Maricopa scored a big win in the effort for an overpass at the Union Pacific crossing on State Route 347 by landing a federal TIGER grant of $15 million. Photo by Michael Barnes

In a boost to the effort to build an overpass, the city of Maricopa has landed a $15 million discretionary grant from the Transportation Investment Generating Economic Recovery (TIGER) program.

TIGER VII grants from the U.S. Department of Transportation are dedicated to building or repairing road, rail, transit and port projects with potential national impact.

U.S. Rep. Ann Kirkpatrick led a delegation letter to USDOT Secretary Anthony Foxx to approve the funding.

“I want to thank Congresswoman Kirkpatrick for her steadfast and persistent efforts in obtaining this $15 million TIGER grant,” Maricopa Mayor Christian Price said. “She has championed this project since she was elected to Congress and has been our strongest advocate and greatest ally. Without her efforts, I am certain this project would not have come to fruition. We can’t thank her enough for her incredible support.”

The $15 million will support Maricopa’s efforts to construct a grade-separated highway overpass on a new alignment at the intersection of State Route 347, which the letter to Foxx noted is “one of the most dangerous rail crossings in Arizona.”

The project will also construct a double track rail line and relocate an existing passenger station, and will construct rail siding to provide off-main rail line loading and unloading of passenger trains.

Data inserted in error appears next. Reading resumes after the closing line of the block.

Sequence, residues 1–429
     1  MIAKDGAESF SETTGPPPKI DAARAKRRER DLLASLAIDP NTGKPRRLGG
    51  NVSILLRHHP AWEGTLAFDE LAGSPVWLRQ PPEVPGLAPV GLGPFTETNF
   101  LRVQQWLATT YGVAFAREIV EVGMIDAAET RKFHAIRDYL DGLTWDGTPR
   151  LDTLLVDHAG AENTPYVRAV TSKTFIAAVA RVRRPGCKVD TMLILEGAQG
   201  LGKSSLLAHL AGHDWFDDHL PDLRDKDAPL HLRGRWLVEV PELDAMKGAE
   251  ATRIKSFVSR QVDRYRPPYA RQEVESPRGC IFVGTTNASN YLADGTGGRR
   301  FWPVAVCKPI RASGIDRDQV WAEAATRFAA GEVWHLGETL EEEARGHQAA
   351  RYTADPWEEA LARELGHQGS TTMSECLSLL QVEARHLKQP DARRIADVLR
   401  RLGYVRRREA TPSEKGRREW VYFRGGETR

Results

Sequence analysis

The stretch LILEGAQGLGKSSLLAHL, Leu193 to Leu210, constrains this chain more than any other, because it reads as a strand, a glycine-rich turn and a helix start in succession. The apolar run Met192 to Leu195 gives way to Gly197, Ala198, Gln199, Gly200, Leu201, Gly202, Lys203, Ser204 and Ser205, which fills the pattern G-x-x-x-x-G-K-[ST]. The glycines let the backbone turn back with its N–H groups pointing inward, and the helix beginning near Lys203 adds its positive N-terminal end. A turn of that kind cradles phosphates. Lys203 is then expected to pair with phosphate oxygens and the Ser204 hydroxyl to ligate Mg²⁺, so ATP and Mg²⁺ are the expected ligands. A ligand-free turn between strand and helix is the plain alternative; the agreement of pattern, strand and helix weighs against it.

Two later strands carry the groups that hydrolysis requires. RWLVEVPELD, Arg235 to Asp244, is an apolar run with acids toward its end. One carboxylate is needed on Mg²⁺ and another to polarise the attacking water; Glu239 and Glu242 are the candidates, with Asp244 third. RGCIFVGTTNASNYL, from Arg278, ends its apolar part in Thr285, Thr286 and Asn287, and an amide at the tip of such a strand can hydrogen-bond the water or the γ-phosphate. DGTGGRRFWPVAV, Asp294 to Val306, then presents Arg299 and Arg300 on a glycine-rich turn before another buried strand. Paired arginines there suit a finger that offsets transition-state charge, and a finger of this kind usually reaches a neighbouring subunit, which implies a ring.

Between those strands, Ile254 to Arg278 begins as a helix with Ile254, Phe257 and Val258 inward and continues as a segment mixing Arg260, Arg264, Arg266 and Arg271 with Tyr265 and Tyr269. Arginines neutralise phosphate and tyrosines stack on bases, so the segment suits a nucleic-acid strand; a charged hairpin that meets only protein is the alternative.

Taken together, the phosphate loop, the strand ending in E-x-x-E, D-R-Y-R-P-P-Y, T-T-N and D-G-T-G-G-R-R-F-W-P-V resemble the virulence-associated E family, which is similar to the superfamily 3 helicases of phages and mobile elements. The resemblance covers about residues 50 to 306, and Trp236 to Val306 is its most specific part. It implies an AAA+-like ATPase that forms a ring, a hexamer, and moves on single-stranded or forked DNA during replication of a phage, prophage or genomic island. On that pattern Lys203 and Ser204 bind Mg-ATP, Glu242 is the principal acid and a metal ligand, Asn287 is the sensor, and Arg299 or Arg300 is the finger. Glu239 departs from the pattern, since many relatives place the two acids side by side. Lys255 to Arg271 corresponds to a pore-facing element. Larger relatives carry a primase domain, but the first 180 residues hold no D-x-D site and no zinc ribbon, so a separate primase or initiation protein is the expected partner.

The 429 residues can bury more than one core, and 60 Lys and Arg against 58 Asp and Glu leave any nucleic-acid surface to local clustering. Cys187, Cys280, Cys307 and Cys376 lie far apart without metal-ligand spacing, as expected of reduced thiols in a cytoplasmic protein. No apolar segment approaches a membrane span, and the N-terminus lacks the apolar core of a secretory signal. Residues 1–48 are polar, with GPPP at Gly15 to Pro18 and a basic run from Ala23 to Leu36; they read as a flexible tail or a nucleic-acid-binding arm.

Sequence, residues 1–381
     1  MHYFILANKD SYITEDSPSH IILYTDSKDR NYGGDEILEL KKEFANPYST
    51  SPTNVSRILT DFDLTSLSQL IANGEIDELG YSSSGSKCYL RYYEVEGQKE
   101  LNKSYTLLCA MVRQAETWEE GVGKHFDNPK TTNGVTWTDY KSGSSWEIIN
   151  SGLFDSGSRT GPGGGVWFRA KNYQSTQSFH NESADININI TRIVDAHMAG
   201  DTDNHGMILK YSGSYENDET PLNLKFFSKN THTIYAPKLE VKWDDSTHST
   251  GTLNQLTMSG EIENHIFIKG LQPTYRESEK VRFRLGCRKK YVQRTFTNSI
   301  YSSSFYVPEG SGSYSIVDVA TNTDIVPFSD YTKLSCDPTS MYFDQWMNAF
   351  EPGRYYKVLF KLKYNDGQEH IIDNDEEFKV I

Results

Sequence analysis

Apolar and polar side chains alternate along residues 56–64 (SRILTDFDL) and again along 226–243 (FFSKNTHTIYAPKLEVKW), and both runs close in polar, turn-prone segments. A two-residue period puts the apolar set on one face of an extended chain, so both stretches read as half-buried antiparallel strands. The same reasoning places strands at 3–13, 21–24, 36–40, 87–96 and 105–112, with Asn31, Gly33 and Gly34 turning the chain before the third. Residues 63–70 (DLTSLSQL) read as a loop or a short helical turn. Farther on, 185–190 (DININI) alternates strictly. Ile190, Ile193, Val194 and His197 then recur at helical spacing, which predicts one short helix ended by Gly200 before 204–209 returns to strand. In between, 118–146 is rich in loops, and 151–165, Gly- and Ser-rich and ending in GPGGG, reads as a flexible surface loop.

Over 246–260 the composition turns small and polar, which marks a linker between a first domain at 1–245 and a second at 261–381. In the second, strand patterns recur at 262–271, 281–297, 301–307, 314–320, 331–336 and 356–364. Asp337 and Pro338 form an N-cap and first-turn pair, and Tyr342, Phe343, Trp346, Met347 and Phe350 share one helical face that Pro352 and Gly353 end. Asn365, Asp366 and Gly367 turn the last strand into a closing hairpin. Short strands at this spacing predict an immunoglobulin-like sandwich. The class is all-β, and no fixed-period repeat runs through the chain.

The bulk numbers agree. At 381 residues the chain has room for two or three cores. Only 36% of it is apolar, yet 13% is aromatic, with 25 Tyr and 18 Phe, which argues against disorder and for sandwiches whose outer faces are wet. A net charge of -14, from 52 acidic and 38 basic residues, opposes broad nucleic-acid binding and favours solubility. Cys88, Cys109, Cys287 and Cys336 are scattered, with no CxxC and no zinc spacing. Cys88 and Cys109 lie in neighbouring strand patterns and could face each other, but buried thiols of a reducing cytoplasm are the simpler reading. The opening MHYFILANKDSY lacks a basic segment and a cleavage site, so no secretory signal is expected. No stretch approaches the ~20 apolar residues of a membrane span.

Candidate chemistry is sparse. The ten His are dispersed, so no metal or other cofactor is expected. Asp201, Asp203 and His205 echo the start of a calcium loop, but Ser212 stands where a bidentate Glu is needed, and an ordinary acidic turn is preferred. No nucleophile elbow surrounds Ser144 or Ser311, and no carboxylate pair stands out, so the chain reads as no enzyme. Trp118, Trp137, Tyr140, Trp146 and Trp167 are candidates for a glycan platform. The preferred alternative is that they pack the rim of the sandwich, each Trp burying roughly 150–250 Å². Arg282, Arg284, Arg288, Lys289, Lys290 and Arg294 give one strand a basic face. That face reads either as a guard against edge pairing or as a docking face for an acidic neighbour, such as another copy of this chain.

Though Maricopa did not put all of its hopes in the TIGER grant basket, it was pushing hard and gathering county, state and tribal support for the grade separation. Price highlighted the importance of the TIGER grant again in his State of the City address this month.

“This is a major breakthrough for a project that is needed more urgently now than ever,” said Kirkpatrick, who serves on the House Transportation and Infrastructure Committee. “This is the fastest growing area of Arizona, and the current grade crossing is affecting congestion, school bus routes and overall public safety. Building an overpass is the only way to resolve this dangerous situation, and I am thrilled that Maricopa now has the resources to move forward.”

The Arizona Department of Transportation has the planned overpass on its five-year plan. It is currently under design by engineers. Once design is 30 percent complete, expected sometime next year, the city can begin working with landowners to acquire property in the path of the overpass.

On the current schedule, actual construction of the overpass will start in 2020.

Urgency for this project has increased along with Pinal County’s rapid growth, which has led to congestion and traffic nightmares at the crossing. In the letter to Foxx, Kirkpatrick noted the crossing also “presents problems for emergency and hazardous materials vehicles that must often sit and wait for trains to pass or worse, stall traffic for more than 20 minutes as Amtrak load and unload passengers at the station next to the crossing.”

Other congressmen who signed the May 25 letter to Foxx were Trent Frank, Matt Salmon, Raul Grijalva, Paul Gosar, David Schweikert, Ruben Gallego, Martha McSally and Krysten Sinema.